Edward VII was a fan of crêpes, Henry IV launched the fashion for "poule au pot" (chicken in broth), Chantilly cream celebrated 400 years... All these stories are part of the French culinary heritage, and to know them is to give the final brushstroke to the identity of the dish, in the same title as its area of origin and its flavors.

Here are a few gems of culinary culture. It is up to you to tell them, these stories, at your next lunches in town!

La chouquette
A particularly popular treat among Parisians. As far back as the 16th century it was sold in the streets of Paris, by merchants who shouted, "Choux, hot little choux!" At that time, and until the 17th century, the composition of choux (i.e., cream puffs) was based on a specific cheese, intended precisely for their making. Only at the end of the 17th century do we find a recipe for choux without cheese, which basically resembles that of our current chouquettes.

The tarte of the Tatin sisters
There are many tales about the birth of the tarte Tatin, but the one I like, is this one, so chic!... Invited to a friend's house, the Tatin sisters had prepared a tarte (i.e., a cake), which unfortunately spilled, falling upside down on the floor along the way. Upon reaching their destination, the two sisters found themselves forced to present the tarte upside down. A misadventure that became, in time, a must!

Le pets-de-nommes (The "smelly" nuns).
According to legend, a nun at Marmoutier Abbey escaped a "stink" while standing in the kitchen, intent on preparing a feast. The other nuns burst out laughing, and from their laughter they dropped a spoonful of choux pastry into a pan full of hot oil. Thus was born the famous little cream puff, also called, more demurely, "nun's sigh."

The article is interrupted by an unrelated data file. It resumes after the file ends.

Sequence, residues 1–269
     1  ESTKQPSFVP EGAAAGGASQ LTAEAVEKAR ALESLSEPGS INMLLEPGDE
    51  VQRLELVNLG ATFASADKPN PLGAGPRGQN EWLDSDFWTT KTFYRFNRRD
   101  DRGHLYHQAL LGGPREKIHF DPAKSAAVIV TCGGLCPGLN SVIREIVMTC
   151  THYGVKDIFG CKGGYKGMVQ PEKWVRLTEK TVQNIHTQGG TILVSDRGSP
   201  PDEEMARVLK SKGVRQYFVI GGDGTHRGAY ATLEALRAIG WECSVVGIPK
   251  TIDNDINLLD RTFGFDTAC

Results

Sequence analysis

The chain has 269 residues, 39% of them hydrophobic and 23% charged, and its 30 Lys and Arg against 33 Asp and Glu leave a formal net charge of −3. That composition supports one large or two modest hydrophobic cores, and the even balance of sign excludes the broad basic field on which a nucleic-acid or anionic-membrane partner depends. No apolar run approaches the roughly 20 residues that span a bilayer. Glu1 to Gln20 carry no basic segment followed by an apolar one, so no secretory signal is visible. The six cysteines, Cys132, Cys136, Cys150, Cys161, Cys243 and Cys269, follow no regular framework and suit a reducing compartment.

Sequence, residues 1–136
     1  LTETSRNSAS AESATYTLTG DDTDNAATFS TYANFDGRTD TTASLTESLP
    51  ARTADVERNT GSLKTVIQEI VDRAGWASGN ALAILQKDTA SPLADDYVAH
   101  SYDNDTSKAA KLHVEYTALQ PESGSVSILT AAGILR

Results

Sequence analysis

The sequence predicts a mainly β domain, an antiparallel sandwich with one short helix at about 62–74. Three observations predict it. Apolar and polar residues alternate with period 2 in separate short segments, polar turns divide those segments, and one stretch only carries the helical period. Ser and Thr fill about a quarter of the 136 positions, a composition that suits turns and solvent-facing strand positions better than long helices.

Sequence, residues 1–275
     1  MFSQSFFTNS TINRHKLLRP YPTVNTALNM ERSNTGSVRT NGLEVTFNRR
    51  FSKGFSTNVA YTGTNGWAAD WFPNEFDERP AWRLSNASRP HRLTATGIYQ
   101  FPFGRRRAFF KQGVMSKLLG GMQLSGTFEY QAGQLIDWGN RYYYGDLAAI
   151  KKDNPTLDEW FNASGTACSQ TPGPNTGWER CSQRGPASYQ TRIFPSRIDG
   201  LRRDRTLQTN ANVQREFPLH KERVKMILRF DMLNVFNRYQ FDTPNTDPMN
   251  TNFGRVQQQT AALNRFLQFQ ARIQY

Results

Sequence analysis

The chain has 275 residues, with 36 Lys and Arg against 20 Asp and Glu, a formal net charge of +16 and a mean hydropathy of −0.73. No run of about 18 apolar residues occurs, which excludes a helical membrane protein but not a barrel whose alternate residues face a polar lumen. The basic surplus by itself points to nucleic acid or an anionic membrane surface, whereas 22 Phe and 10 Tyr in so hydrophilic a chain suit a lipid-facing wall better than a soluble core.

Hachis Parmentier (Parmentier potato pie).
Augustin Parmentier was attaché pharmacist at the Hôtel Royal des Invalides in 1771. Convinced that potatoes were the ideal solution to the episodes of famine that France was experiencing, he popularized them and invented his hachis (potato pie with minced meat). It cannot be said that Louis XIV was crazy about them, but - nevertheless - the spread of the tuber and this dish in culinary preparations is encouraged.

La pâte feuilletée (The puff pastry).
Some attribute its creation to Feuillet, pastry chef to Marshal de Condé in the 17th century. But the paternity attributed to it with greater certainty is that it would go back to the French painter Claude Gellée, known as "the Lorenese," a former pastry chef who allegedly created the famous pastry, purely by chance, while he was doing a culinary "test."

The Paris-Brest
The true identity of the creator of the Paris-Brest remains unknown. According to the Larousse gastronomique, it would be a pastry chef from the Parisian suburbs who created it in 1881, on the occasion of a bicycle race that took place from Paris to Brest. He would be the one to distribute his sweet creations to the crowd along the route. Various forms of the Paris-Brest exist. The best known is the doughnut shape, which symbolizes the wheel of a bicycle.

La poule au pot (The chicken in broth).
Henry IV used to say, "I want every farmer in my kingdom to be able to put the poule au pot on Sunday" (i.e., put the hen in the pot). That said, poule au pot became one of the mainstays of French culinary tradition.

Chantilly cream
In 1610, the Sun King was received in Chantilly by the Prince of Condé. François Vatel, the prince's intendant general, organized the festivities. For the occasion, he would invent the cream, which has since been christened "Chantilly" and recently celebrated its 400th anniversary.

La crêpe Suzette
1816, Monte Carlo, Café de Paris. Preparing crêpes for the Prince of Wales, an apprentice drops liquor on the stove. He extinguishes the flames with sugar and presents the "new" recipe to the prince, who then asks a café customer her name: "Suzette!" she replies.

The biscuits à la cuillère (The ladyfingers).